There’s an old song that goes, “Tomatoes are cheaper, potatoes are cheaper — now’s the time to fall in love.”

America's $1.2 billion Thanksgiving dinner

Larry Waterfield
Columnist

Well, this Thanksgiving a lot of the foods were cheaper — cheaper than last year.

Americans spent roughly $1.2 billion on Thanksgiving dinner, which is down 4% from last year.

These figures are compiled each year by the American Farm Bureau Federation and cover a typical Thanksgiving meal for 10 people.

The cost this year was a little over $42, or $4.20 per person, for turkey and all the trimmings, cranberries, sweet potatoes, rolls, pumpkin pie, celery, carrots, dairy items, the works.

The Texas Farm Bureau, in its own survey, found that a bargain hunter could get these same items for as low as $28. Sweet potatoes ranged in price from $1.29 a pound down to 25 cents a pound.

The Farm Bureau survey gets picked up by the media around the country, which is one of the few instances of good news in a flood of bad news about the food we eat.

In the past two weeks, here were some of the stories and events involving the food supply:

  • obesity costs are climbing;
  • food safety concerns grow;
  • population growth may outrun the food supply;
  • food production will be cut by global warming;
  • poor countries are leasing their good land to foreign producers;
  • commercial growing techniques threaten the planet;
  • food insecurity affects 49 million Americans; and
  • a world food summit in Rome attacks the current system for its deficiencies and inequalities.

The Pope, who attended the summit, echoed the concerns.

“It’s a known fact that the world has enough food for all of its inhabitants,” he said.

But he decried the inability to get the food to the people who need it.

So with all this going on, the Thanksgiving bargain story was a mere blip on the screen, if noticed at all. The nation’s food groups were quick to point out the abundance at a reduced cost — but this was preaching to the choir.
 
Is something good news if no one hears about it? The Thanksgiving story needs to also be seen in the context of two years of awful economic news:

  • 10% unemployment, and climbing;
  • the loss of trillions in investment money;
  • a stagnant economy and sinking stock market; and
  • economic times so bad they are now called The Great Recession.

Into this jungle comes a tiny little story about food being a bargain. It could be headline news. Usually it was presented as a one-liner or as filler.

One of the world’s richest corporations, Microsoft, did get into the act, basically bashing the commercial food industry and urging people to shop for food grown locally and sold at farmers markets. It was ostensibly a television ad for its new Windows 7 operating system, which is replacing the poorly received Vista system.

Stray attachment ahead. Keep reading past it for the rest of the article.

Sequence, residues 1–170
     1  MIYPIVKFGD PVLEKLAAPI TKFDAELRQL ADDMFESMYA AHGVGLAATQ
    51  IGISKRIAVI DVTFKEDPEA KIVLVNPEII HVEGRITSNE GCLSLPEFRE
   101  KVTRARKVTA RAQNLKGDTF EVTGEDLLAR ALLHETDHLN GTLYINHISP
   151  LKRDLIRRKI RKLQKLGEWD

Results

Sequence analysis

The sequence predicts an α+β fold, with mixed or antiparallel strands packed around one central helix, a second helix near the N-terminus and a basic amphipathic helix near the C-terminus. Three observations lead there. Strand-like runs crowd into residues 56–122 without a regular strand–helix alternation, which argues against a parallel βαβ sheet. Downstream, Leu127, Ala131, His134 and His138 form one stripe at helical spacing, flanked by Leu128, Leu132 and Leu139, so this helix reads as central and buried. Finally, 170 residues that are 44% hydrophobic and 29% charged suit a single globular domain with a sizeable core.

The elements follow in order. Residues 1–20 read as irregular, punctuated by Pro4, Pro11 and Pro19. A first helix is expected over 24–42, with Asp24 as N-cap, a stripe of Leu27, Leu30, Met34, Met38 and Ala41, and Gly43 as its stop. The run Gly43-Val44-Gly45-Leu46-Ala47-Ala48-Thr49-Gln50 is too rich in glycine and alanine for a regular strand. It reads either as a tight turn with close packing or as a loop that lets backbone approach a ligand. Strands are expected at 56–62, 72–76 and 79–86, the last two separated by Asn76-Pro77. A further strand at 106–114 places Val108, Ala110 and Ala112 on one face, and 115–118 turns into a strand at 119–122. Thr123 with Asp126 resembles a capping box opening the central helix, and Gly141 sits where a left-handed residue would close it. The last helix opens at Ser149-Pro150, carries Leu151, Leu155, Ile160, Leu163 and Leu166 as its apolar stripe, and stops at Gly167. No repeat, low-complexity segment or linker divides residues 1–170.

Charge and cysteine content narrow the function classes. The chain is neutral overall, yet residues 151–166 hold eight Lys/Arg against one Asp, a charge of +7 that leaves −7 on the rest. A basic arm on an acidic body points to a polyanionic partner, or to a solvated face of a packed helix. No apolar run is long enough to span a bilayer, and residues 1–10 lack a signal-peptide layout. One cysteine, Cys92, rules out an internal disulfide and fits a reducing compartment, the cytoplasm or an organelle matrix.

It was a strange ad. On the one hand it was right to promote local food buying. It was strange to denounce shipping food over long distances. Basic economics says that comparative advantage and opportunity costs dictate that food may be grown far away and shipped to places that need it and want it and that spend their resources on other things, such as making Microsoft software.

Ironically, the week the TV ad ran my own local farmers market closed for the season.

The market ran every Saturday from May to November, and sold locally grown produce — although local could mean a considerable truck ride away.

The produce there is good, fresh, with good flavor and appearance. The prices are high, and the buyers are the generally affluent.

They don’t need bargains. They don’t get bargains there.

Now that cold weather is here we will continue to buy fresh produce, and from Florida, Texas, California, Mexico, or the Caribbean. We’ll do it even if it offends Microsoft. For example, we just bought a big bag of peel-and-eat mandarin oranges from California.

Of course we know that many computer companies manufacture overseas and even go to far-off, exotic places to get software and to find software creators. Maybe they should only source locally.

One of the biggest threats to prosperity is inflation — the steady rise in prices that wipes out wage gains and crushes people on fixed incomes, such as retirees. Gas prices are going up, medical costs, drug prices.

The food price bargains will keep inflation low, and will help millions of people in these darker economic times.

There’s plenty of food, and food insecurity will diminish through enhanced food stamps, expanded feeding programs, school lunch and school breakfasts.

It’s mainly a matter of distribution. No one should go hungry amid all this abundance.

The abundance at reasonable and declining prices will give millions of people a brighter Christmas and New Year’s season and extend through the winter months.

They will gladly eat the food shipped across the country, and will welcome the nourishment and the bargain prices.

They will be thankful for small blessings — even if the self-satisfied elites are not.

E-mail lww4@verizon.net

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